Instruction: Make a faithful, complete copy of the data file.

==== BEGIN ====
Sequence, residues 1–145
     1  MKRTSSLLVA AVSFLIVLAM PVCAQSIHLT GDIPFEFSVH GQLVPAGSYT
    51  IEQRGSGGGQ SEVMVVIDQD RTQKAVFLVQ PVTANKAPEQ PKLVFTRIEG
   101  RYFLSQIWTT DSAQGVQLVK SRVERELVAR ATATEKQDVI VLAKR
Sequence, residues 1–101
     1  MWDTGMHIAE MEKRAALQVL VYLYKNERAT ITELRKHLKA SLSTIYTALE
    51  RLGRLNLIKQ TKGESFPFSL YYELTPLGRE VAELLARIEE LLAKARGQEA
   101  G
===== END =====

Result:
Sequence, residues 1–145
     1  MKRTSSLLVA AVSFLIVLAM PVCAQSIHLT GDIPFEFSVH GQLVPAGSYT
    51  IEQRGSGGGQ SEVMVVIDQD RTQKAVFLVQ PVTANKAPEQ PKLVFTRIEG
   101  RYFLSQIWTT DSAQGVQLVK SRVERELVAR ATATEKQDVI VLAKR
Sequence, residues 1–101
     1  MWDTGMHIAE MEKRAALQVL VYLYKNERAT ITELRKHLKA SLSTIYTALE
    51  RLGRLNLIKQ TKGESFPFSL YYELTPLGRE VAELLARIEE LLAKARGQEA
   101  G